Thursday night’s $5,000 BMW Exhibition Prize for photography was awarded at Toronto’s Museum of Contemporary Canadian Art to the senior Newfoundland artist Marlene Creates, an event capping off the month-long Contact festival. It was a gratifying win. The award celebrates an exhibition of distinction in the Contact lineup, and Creates’s 30-year survey show at Paul Petro Contemporary might duly have been considered the sleeper, in more ways than one.
First, her work has a modesty and conceptual restraint – it doesn’t shout to be heard. Second, the show is organized around a signal body of her work from the eighties, titled Sleeping Places, in which Creates documented the places where she slept out of doors in various expeditions in the wild, both in Canada and abroad, her camera capturing the subtle impress of human weight on grasses, moss and heath.
The series, a classic in Canadian art, suggests our mammal kinship, underscoring the weighty, material facts of our being. As well, the series has a place in the story of international art, allied in vision to the performative art works of British artist Richard Long, as well as the landmark feminist photography of Cuban-born Ana Mendieta.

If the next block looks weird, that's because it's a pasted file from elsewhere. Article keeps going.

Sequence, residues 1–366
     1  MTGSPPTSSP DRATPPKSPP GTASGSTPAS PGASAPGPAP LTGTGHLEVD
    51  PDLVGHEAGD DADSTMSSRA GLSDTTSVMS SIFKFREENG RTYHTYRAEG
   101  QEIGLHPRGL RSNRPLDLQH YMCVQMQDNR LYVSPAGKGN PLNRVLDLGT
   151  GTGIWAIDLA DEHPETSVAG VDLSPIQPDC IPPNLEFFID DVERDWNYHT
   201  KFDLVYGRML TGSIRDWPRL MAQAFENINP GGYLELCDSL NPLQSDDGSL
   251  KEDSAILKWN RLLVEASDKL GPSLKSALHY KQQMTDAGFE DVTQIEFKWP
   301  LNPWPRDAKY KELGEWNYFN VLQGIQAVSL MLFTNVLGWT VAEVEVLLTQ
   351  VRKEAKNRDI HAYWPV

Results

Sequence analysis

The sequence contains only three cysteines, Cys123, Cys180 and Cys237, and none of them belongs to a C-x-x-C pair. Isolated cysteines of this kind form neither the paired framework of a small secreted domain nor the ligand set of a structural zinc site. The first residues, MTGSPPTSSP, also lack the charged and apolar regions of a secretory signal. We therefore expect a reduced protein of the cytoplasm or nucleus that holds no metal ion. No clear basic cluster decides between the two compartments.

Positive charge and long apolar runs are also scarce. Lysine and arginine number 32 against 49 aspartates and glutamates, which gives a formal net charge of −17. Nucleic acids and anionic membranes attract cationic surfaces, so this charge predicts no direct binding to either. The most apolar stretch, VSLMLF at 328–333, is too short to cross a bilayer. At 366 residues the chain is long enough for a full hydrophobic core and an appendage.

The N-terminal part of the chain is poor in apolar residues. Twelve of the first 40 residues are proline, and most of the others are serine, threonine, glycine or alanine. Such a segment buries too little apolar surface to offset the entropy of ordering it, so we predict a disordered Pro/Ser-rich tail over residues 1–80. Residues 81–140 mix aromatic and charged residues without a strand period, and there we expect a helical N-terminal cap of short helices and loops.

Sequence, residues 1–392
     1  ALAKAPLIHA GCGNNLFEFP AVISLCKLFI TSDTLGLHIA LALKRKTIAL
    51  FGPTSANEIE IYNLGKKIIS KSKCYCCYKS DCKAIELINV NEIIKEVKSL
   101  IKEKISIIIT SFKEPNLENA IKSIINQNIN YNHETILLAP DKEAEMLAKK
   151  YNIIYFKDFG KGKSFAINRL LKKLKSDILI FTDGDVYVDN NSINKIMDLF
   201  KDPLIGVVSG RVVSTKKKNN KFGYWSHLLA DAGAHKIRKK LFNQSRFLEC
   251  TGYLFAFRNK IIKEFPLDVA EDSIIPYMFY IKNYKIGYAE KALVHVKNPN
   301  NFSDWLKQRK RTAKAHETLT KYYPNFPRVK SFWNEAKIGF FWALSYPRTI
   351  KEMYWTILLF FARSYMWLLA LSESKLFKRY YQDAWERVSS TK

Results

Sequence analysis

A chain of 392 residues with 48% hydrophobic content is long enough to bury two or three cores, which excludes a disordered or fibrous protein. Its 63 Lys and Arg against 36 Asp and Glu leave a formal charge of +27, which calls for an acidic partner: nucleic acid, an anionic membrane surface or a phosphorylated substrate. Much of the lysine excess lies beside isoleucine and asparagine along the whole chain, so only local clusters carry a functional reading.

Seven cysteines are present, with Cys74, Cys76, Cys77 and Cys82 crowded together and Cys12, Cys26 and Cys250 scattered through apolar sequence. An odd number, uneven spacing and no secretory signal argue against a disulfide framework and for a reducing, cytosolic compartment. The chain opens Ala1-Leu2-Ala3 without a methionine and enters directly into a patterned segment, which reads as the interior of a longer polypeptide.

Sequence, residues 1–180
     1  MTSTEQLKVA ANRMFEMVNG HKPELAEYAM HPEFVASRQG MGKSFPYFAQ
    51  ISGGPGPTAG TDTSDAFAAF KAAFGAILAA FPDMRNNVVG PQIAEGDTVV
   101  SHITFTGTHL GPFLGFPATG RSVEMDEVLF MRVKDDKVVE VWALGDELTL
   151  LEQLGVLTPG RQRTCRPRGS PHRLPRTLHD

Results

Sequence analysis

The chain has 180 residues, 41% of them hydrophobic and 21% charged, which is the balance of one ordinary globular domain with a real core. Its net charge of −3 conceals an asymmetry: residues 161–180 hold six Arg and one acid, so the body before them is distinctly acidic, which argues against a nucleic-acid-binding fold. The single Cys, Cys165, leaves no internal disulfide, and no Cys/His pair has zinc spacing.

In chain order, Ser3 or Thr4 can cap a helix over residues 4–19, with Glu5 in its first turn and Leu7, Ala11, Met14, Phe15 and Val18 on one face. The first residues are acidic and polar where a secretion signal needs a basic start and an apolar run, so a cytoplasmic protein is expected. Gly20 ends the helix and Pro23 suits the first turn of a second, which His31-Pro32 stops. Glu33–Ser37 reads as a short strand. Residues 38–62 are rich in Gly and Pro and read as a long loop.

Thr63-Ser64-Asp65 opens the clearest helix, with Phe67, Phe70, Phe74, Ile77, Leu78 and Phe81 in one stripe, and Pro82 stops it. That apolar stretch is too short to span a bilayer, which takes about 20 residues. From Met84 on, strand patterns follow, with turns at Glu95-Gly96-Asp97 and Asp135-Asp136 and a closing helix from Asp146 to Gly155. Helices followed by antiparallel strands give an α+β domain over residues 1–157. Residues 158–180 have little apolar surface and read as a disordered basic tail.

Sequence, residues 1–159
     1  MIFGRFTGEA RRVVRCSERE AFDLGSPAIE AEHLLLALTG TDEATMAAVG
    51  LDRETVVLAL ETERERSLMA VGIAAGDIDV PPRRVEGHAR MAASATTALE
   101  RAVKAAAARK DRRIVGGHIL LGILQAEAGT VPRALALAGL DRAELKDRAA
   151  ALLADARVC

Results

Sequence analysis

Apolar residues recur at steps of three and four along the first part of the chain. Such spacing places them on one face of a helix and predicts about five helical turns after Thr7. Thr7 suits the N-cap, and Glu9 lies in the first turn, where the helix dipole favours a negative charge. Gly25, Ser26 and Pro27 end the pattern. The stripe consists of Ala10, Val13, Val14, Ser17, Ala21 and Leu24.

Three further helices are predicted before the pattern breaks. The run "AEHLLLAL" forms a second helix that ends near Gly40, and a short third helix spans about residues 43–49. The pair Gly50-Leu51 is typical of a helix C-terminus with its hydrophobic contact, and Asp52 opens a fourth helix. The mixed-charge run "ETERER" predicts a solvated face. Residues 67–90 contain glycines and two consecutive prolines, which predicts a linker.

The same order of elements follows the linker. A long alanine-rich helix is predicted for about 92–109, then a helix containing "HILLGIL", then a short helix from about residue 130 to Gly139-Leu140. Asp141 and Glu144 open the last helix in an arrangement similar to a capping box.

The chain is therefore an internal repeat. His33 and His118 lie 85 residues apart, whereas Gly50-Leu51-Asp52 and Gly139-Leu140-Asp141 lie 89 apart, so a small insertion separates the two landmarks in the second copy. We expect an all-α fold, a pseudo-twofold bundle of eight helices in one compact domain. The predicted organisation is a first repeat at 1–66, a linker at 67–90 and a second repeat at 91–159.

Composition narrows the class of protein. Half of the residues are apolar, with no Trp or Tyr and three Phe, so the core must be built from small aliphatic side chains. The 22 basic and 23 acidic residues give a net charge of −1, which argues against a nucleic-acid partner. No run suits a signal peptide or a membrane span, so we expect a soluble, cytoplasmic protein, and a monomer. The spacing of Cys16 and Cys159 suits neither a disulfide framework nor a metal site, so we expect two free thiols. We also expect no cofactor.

More recent works in Creates’s show explore indigenous experiences of place, aging, and the infusion of memory into landscape. Closing at the end of Saturday, the show gently invites us to think about how we belong to the land, and how we leave our touch upon it.
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